The Desmond fatality inquiry has heard from three of the doctors who saw Lionel Desmond in the months before he killed his family and himself — and it is now hearing another point of view: that of the nurses.
Heather Wheaten, a crisis nurse who saw Desmond on Oct. 24, 2016, at St. Martha’s Regional Hospital in Antigonish, N.S., is the first witness being called to testify Tuesday.
As Judge Warren Zimmer hopes to make recommendations to prevent further deaths — like those at the heart of this fatality inquiry — he’s looking into whether there are gaps as someone moves from military care to the civilian health-care system.
The inquiry also continues to probe whether the civilian clinicians who saw Desmond, an Afghanistan war veteran, were trained to recognize the symptoms of post-traumatic stress disorder and domestic violence.
Both intersect in this case.
The inquiry heard last week about Desmond’s release from hospital on Jan. 2, 2017, the day before he killed his wife, Shanna, his daughter, Aaliyah, and his mother, Brenda, in the Upper Big Tracadie, N.S., where he’d been living before his wife asked him to leave on New Year’s Eve.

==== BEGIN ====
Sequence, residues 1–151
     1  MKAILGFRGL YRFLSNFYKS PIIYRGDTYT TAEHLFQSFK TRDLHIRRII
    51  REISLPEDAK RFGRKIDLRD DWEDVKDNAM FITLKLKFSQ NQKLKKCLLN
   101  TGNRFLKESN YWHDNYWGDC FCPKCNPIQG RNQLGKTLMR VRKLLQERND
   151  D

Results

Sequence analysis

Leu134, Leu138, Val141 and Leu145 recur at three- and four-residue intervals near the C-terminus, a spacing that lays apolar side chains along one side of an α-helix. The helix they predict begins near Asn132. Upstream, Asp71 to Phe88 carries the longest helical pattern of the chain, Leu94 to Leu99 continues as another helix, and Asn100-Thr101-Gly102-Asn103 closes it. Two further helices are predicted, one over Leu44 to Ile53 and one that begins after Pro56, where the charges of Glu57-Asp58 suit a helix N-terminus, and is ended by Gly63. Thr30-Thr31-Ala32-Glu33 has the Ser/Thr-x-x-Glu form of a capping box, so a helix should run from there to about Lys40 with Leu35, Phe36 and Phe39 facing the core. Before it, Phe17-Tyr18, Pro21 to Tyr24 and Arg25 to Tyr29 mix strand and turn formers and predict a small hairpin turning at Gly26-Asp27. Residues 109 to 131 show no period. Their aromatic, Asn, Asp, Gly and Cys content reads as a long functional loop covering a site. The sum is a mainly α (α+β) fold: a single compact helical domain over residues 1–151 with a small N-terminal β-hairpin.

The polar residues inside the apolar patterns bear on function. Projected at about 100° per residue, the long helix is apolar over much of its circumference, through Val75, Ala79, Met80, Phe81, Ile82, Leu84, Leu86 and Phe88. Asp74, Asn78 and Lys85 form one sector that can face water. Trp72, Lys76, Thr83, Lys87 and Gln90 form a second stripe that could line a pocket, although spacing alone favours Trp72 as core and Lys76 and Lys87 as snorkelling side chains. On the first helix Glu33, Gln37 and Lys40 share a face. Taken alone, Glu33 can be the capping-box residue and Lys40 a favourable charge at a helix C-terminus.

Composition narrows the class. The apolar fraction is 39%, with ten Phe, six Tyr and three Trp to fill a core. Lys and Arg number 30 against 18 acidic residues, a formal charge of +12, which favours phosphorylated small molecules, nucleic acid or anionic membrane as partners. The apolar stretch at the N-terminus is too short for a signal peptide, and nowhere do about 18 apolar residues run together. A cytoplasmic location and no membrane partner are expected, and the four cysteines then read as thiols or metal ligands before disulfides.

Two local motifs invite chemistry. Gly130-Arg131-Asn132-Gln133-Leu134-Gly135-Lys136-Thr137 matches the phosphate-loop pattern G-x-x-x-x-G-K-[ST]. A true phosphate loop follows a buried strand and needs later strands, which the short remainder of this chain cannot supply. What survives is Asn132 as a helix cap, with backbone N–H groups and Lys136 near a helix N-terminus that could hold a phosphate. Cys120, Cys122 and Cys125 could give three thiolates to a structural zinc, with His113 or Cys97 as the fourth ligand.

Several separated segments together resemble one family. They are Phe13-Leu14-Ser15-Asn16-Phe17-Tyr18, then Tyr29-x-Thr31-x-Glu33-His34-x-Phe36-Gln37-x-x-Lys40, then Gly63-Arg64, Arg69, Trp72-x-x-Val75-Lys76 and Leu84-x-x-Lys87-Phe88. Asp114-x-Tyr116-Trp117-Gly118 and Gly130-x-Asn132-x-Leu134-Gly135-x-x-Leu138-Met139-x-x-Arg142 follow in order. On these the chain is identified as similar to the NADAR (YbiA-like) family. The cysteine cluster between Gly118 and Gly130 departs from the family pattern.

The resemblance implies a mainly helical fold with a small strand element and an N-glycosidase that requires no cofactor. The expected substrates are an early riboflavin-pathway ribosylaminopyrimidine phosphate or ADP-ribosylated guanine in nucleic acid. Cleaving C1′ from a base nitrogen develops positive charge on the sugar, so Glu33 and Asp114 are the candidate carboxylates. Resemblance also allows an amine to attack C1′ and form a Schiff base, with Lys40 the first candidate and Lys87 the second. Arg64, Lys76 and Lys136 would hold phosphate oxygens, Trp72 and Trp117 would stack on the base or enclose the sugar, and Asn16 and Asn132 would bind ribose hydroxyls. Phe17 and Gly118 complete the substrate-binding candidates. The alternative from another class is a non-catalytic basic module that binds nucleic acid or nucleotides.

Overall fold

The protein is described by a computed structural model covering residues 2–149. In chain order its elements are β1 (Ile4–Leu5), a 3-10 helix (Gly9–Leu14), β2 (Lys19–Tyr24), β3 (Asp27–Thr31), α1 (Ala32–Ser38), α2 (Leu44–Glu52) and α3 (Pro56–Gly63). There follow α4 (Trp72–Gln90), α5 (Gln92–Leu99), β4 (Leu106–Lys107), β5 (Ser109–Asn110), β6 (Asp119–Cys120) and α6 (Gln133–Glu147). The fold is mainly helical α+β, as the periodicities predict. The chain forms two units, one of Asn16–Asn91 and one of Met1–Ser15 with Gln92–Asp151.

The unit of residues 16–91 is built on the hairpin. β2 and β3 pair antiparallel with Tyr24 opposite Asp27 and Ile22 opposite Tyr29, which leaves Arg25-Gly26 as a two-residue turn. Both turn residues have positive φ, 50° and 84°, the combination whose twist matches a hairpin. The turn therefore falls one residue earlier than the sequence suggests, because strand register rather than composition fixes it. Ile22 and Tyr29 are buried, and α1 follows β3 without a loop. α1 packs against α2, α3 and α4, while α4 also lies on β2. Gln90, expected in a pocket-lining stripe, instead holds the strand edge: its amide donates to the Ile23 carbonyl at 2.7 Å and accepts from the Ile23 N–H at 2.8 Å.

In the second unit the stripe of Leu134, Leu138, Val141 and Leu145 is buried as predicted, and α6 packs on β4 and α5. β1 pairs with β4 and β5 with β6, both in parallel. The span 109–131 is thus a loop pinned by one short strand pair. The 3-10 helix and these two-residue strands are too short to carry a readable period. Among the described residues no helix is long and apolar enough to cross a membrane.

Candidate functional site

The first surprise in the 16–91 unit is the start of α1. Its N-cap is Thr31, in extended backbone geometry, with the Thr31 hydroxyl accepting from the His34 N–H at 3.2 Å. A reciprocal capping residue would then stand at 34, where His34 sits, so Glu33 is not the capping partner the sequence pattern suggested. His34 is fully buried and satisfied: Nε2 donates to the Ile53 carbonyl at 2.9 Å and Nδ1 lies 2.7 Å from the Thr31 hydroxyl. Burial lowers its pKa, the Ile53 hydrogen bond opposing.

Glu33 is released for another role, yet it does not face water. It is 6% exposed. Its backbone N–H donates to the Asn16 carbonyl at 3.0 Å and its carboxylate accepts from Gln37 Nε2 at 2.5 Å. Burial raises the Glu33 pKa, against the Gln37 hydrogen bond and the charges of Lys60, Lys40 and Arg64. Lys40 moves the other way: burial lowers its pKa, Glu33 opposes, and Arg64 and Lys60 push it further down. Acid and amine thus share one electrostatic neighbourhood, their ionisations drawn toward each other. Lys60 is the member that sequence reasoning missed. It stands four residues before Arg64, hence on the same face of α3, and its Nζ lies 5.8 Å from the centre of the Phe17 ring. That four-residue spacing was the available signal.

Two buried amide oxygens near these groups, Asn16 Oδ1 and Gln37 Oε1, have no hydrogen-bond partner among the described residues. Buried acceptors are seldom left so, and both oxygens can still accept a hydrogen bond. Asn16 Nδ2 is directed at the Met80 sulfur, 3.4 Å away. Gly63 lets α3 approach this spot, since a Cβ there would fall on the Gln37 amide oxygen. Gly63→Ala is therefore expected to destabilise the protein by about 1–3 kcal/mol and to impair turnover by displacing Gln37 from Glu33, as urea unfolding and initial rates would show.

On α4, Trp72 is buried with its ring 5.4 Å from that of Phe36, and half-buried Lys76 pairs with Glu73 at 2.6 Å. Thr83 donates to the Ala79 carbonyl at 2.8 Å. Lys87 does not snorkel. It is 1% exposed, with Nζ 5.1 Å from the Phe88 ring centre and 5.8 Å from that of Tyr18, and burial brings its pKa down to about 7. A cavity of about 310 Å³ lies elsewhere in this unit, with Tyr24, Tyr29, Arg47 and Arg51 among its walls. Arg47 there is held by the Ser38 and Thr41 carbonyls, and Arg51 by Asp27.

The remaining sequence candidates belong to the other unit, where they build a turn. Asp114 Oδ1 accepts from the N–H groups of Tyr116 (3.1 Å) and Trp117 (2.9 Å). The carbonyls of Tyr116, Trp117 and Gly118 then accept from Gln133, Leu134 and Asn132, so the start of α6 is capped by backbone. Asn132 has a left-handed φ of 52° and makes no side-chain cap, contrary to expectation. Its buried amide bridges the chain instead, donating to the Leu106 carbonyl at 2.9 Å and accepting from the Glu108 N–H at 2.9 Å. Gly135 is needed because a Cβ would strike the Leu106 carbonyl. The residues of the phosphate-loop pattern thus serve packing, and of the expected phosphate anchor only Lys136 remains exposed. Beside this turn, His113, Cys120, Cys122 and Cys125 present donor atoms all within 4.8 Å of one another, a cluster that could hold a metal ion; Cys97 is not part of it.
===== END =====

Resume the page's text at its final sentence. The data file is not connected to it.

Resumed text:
Desmond, 33, arrived at the St. Martha’s emergency room on Jan. 1, 2017, after he’d spent the night before yelling and slamming furniture. He told doctors his wife asked him to go somewhere else after frightening their 10-year-old daughter.
Although he was kept overnight, the psychiatrist who released Desmond told the inquiry that there were no signs he would harm himself or anyone else.
But evidence already presented suggests the nurses may have seen a different version of Desmond, one who slept poorly and had a bad night in hospital. They wrote about that in his chart, the inquiry has heard, but Dr. Faisal Rahman — the psychiatrist who saw him — didn’t read it again before releasing Desmond.